In the field of systems biology, research into temporal processes and changes plays a major role. This reflects SLIDES as a dynamic work of art.
SLIDES – microscope slides for light microscopy – are, so to speak, the interfaces between nature and research. “Microscope slides” are used to hold specimens that are examined and digitised.
The SLIDES art objects each consist of a glass plate in the proportions of the standardised microscope slides (76 x 26 mm according to DIN ISO 8037-1) that “floats” approx. 4 cm in front of the wall and a video display.
The glass top is 58 x 171 x 1 cm (portrait format) and has polished edges. The video display (46″, 58 x 103 x 3 cm, also portrait format) lies on the glass plate – analogous to a cover glass on the slide. It shows details of images that are currently being created and edited in the BIMSB. The image sequences quote the process of microscopy, of magnification, by zooming into graphics, photographs, computer models/animations once again.
The images on the displays are in constant change, always different and new. They reflect the current work processes and abstract them into graphic structures. The overall impression of the displays is calm, picturesque. abstraction and painterly power through the strong enlargement. Movements and changes happen slowly, sometimes almost imperceptibly, still images create further points of calm.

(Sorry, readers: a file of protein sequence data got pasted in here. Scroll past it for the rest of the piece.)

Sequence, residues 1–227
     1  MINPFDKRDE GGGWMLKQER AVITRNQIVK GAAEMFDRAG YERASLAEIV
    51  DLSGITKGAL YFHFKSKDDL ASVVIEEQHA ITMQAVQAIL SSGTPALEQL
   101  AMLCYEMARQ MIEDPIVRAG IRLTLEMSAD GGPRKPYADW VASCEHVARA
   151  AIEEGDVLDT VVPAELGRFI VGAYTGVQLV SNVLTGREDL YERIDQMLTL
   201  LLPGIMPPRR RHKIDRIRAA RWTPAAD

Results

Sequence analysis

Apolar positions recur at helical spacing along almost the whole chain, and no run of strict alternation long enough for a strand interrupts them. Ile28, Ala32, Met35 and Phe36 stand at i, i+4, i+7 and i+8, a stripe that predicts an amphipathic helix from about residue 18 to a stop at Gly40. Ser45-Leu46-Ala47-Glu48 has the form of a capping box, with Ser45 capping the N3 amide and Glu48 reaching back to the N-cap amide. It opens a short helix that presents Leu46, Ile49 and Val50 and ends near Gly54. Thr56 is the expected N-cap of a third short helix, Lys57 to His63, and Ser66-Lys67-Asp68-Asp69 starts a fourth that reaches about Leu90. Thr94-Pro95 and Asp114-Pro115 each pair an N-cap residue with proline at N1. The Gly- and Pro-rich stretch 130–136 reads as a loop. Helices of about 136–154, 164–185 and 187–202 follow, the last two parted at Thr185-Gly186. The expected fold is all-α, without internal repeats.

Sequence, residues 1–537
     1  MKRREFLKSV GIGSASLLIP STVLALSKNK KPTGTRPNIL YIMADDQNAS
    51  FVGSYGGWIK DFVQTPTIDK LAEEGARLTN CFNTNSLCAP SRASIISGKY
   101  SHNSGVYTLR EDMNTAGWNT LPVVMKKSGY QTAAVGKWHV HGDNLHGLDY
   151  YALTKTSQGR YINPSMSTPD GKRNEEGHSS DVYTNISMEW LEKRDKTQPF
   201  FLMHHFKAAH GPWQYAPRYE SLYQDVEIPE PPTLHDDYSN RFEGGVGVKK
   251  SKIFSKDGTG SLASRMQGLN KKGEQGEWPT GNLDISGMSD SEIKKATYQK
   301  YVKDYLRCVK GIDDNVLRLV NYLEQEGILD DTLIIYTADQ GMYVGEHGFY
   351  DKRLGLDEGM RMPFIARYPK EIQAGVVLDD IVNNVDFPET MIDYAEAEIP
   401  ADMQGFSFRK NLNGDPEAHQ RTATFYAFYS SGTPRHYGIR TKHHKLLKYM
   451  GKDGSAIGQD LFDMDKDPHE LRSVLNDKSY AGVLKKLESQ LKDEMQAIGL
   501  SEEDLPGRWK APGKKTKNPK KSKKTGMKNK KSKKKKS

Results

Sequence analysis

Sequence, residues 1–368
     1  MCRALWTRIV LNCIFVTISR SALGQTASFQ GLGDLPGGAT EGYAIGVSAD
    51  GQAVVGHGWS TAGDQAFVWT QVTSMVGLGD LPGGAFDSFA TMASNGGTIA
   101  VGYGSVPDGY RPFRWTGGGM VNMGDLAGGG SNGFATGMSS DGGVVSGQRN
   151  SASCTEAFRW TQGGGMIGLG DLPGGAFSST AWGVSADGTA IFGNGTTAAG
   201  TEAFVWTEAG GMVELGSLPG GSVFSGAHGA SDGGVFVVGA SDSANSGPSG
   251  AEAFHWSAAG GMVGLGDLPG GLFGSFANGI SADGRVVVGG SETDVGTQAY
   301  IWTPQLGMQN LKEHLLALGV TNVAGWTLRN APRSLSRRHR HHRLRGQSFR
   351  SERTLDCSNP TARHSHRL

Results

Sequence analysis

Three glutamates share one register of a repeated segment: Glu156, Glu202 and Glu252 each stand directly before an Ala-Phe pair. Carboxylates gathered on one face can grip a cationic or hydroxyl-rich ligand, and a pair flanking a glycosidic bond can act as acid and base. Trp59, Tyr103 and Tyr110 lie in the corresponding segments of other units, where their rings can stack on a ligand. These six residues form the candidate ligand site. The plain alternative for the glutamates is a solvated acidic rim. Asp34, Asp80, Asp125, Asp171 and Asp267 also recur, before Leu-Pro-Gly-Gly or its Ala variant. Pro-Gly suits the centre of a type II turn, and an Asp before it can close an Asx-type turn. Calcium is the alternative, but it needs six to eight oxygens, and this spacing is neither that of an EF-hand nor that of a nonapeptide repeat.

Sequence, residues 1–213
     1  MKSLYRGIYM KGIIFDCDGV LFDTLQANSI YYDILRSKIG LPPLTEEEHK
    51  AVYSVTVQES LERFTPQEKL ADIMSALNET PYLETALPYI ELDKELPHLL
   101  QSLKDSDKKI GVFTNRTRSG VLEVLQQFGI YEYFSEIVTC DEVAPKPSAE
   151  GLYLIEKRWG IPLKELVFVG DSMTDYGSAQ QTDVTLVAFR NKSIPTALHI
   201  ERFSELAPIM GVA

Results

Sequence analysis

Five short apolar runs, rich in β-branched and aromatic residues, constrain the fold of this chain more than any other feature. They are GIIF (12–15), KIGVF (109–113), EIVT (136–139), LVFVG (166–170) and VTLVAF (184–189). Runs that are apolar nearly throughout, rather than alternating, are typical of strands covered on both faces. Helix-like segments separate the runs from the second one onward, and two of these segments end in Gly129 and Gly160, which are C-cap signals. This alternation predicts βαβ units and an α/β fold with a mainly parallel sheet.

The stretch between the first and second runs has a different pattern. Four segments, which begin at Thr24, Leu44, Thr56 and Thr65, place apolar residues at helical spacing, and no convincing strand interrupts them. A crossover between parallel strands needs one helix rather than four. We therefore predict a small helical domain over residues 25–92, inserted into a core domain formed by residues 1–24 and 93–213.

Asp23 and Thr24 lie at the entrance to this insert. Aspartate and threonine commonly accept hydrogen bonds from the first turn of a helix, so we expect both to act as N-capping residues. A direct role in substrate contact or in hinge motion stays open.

The SLIDES monitor objects span an arc from the beginnings of microscopy and the life sciences to the present day. Slides have been part of the daily tools of the trade in the laboratory for many BIMSB staff since their studies. Unlike in the past, today the images can also be recorded digitally. They are the source for some of the films on SLIDES. In addition, computer-generated images, MRI/tomography, visualisations, diagrams, models and graphics are included.
The image content for the displays is generated by a programme from the BIMSB’s current projects. The algorithm automatically selects files from a pool according to predefined criteria, analyses them and magnifies details 1000 to 5000 times. The result is highly abstracted images, colour gradients, painterly textures – which nevertheless hint at their origins.